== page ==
- reduce the number of products and services provided
- lay off ten’s of thousands of US Postal employees nationwide
- permanently close all post office locations that continue to show a large net operating loss
Closing down as many as 3,700 post office locations? The process has already begun.
Laying off tens of thousands of postal workers? The Postal Service says it is inevitable.
However explicable the Postal Service’s economic reasoning, the human pain caused by all of this is going to be enormous — each of those men and women who will lose their jobs represents another family that will find itself with a breadwinner out of work in an abysmal jobs market.
We all understand that e-mail and text messaging have drastically changed the way that Americans write to each other. Over the course of a single year — from 2008 to 2009 — the Postal Service delivered 26 billion fewer pieces of mail. Those 26 billion pieces represent stamps that were never bought, and thus, operating revenue that the Postal Service never saw.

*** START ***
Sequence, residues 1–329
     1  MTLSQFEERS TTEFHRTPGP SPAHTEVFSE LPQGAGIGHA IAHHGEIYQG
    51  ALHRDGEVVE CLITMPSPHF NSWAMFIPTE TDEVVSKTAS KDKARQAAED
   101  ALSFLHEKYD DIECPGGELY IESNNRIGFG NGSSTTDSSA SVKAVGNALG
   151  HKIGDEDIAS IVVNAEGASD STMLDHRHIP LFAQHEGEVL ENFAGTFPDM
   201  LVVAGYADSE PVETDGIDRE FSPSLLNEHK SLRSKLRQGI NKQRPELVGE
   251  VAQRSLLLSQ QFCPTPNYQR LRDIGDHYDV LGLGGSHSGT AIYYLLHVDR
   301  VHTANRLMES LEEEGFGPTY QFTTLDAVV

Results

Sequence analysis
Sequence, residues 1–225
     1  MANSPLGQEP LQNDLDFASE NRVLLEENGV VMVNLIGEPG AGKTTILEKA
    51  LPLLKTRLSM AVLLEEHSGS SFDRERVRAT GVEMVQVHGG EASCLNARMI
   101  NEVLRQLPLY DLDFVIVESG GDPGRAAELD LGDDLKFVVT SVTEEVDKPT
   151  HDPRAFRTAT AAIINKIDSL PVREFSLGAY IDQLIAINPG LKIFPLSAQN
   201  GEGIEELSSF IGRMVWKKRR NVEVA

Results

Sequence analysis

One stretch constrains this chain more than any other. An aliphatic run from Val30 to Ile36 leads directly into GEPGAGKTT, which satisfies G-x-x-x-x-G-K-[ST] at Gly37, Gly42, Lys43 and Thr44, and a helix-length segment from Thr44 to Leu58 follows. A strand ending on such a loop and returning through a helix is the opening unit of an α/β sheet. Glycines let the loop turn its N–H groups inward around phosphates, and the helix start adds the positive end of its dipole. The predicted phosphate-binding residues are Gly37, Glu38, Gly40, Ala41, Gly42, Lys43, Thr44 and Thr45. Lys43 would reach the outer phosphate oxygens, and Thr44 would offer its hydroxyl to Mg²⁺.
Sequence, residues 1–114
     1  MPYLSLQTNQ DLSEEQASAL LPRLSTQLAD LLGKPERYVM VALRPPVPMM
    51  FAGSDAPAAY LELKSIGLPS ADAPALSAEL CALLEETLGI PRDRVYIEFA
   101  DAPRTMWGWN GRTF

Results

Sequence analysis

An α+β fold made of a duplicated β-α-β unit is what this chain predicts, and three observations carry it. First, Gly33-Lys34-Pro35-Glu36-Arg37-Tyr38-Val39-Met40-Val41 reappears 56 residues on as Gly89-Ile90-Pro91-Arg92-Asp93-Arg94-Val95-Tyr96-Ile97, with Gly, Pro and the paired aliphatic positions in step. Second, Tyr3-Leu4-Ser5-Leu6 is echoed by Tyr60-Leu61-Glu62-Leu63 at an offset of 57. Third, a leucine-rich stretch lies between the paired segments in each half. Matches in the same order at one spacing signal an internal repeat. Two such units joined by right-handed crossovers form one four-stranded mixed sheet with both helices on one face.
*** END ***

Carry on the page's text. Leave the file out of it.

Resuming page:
But almost lost in the current discussion of what can be done to salvage mail delivery is this fact of contemporary life — a historic alteration of the national landscape — that is already taking place:
The corner mailbox is disappearing.
That seems like a small thing to note, in the face of those warnings that the entire Postal Service could have to shut down, and in light of the impending job losses.
But if you have been thinking that you haven’t been seeing as many of those sturdy blue mailboxes as you once did, your eyes aren’t deceiving you. And their removal from America’s cities and towns is emblematic of fundamental shifts in the way daily life is led.
According to reporting done by Carolyn Jones of the San Francisco Chronicle, there were almost 400,000 of the blue mailboxes in 1985. Today there are only 160,000 left, with more being torn from the ground and carted away all the time.
The Postal Service, Jones reported, keeps a close eye on how many times we drop letters into our neighborhood mailboxes. If fewer than 25 pieces of mail a day make their way into a mailbox over a six-to-eight week period, that mailbox is flagged for removal.